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Saturday, August 15, 2020  Spokane, Washington  Est. May 19, 1883
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Gardening: Later frosts mean more time to garden

Pigeon Red Flowering Cabbage, pictured here, is a hearty plant with great color. The plant’s leaves come in purple, green, yellow and white. (Brian Plonka / The Spokesman-Review)
Pigeon Red Flowering Cabbage, pictured here, is a hearty plant with great color. The plant’s leaves come in purple, green, yellow and white. (Brian Plonka / The Spokesman-Review)
Pat Munts

There was a time not so long ago that our region didn’t have a fall gardening season. The frosts usually showed up by the middle of September and finished off the garden. Since about 2000 however, frosts have been coming much later into September and even as late as the end of October. It’s still a gamble, though, but one worth taking if you plan ahead.

That said, I have to put a disclaimer in here. Many of the low areas around Spokane have already experienced light frosts. Places like Latah Valley and valleys leading down from Mount Spokane and Mica Peak probably got nailed recently as cold air drained down from higher elevations. If you live in one of these areas, get your frost protection covers out and staged in the garden ready for that 10 p.m. dash to the garden should the National Weather Service call for low temperatures in the high 30s and low 40s. Given these lows from the NWS, temperatures in these low areas can easily get to freezing.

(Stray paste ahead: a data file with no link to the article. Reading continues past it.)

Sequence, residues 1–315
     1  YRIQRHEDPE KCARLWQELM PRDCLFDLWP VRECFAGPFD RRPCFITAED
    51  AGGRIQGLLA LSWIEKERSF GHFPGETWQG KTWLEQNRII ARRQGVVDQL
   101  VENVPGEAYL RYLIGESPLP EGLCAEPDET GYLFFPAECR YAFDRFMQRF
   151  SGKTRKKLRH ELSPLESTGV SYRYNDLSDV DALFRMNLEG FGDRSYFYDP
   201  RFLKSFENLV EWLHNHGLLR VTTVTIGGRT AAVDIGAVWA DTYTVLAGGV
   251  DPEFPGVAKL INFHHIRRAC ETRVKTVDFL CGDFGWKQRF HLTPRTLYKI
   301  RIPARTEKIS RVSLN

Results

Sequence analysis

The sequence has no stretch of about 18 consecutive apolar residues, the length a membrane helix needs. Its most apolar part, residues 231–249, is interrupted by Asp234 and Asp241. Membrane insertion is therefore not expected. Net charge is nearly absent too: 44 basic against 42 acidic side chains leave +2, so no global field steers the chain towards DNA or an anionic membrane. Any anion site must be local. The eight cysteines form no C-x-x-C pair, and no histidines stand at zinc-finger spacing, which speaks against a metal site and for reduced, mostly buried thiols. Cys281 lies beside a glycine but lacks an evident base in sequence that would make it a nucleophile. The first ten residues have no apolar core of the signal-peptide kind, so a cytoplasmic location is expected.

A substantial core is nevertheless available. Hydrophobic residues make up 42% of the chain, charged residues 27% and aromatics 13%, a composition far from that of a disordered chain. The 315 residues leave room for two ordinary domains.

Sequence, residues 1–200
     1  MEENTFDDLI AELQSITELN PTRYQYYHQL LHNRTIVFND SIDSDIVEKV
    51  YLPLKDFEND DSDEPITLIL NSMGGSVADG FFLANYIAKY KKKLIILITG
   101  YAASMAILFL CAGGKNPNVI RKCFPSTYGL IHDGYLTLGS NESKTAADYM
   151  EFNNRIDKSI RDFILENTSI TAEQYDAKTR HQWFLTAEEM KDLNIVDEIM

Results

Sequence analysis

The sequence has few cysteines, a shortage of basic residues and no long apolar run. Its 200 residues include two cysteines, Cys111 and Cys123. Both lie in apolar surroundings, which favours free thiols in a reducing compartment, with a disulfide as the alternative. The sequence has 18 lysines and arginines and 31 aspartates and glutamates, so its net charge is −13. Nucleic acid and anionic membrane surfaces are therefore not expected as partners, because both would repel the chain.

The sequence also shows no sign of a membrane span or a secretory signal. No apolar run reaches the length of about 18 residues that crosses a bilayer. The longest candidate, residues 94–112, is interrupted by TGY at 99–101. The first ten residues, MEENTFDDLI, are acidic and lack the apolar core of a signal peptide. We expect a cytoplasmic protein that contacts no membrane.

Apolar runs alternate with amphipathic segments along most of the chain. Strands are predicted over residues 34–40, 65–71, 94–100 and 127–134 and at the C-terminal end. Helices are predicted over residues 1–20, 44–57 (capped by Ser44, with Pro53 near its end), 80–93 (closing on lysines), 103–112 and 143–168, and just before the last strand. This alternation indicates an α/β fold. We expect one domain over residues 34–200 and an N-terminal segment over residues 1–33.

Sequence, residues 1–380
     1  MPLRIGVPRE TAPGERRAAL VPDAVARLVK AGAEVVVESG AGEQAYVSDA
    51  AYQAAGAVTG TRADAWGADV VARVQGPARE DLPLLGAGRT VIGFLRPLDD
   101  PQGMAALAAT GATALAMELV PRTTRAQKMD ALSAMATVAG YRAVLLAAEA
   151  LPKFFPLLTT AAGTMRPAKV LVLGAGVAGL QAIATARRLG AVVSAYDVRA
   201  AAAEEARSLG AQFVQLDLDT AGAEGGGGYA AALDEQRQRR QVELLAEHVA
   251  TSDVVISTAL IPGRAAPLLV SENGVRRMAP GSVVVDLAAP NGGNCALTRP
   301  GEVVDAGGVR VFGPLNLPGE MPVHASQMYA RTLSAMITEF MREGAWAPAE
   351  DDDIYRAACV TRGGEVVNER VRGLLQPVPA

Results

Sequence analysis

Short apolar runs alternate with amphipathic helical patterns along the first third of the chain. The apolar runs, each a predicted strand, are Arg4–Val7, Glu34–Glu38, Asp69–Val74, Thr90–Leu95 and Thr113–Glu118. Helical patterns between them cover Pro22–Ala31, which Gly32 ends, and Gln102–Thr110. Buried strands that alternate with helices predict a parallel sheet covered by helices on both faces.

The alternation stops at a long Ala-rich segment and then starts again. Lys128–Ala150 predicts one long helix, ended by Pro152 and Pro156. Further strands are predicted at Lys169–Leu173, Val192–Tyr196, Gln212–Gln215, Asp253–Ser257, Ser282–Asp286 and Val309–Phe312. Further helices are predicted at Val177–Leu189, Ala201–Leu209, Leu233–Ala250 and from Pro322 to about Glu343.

There is probably time for one more quick crop of radishes and kale. Both tolerate cool temperatures and the soil is still warm enough to get a quick germination. The kale will get sweeter with a couple of frosts.

For some fall color, pick up some flowering cabbage at the garden center. The plant’s leaves come in purple, green, yellow and white and make a nice contrast to the changing fall colors. Their color intensifies with the cold. And no, you can’t eat them. You can try, but the leaves tend to be very tough.

Spring bulbs will be in the garden centers shortly. To create a naturalized bulb garden purchase several dozen different types of bulbs. Dig a 2- to 3-foot-wide, flat-bottomed hole that is as deep as three times the height of the largest bulb. For daffodils or tulips that may be 6 inches. Place the largest bulbs about 6 inches apart and fill the hole half full of dirt. Then place another layer of smaller bulbs like small alliums, scilla and crocus 4 or 5 inches apart on this layer of dirt and finish filling the hole. Mark the location with stakes so you don’t dig in the area accidentally.

Pick up some of the colorful chrysanthemums and replace your summer pot plantings with them. Leave them in their original pots and after the frosts take them down, just pull them out of the container and stick them, pot and all, in a nursery bed for the winter. In the spring you can pull them out and divide them. Next fall you will have a nice show without having to buy more.

Check out the nursery sales that are starting now. You can plant your finds in the garden for at least the next month and they will have some time to grow roots. Mulch them with a couple inches of shredded pine needles or leaves to reduce frost heaving over the winter.

Pat Munts is co-author, with Susan Mulvihill, of the “Northwest Gardener’s Handbook.” Munts can be reached at pat@inlandnw

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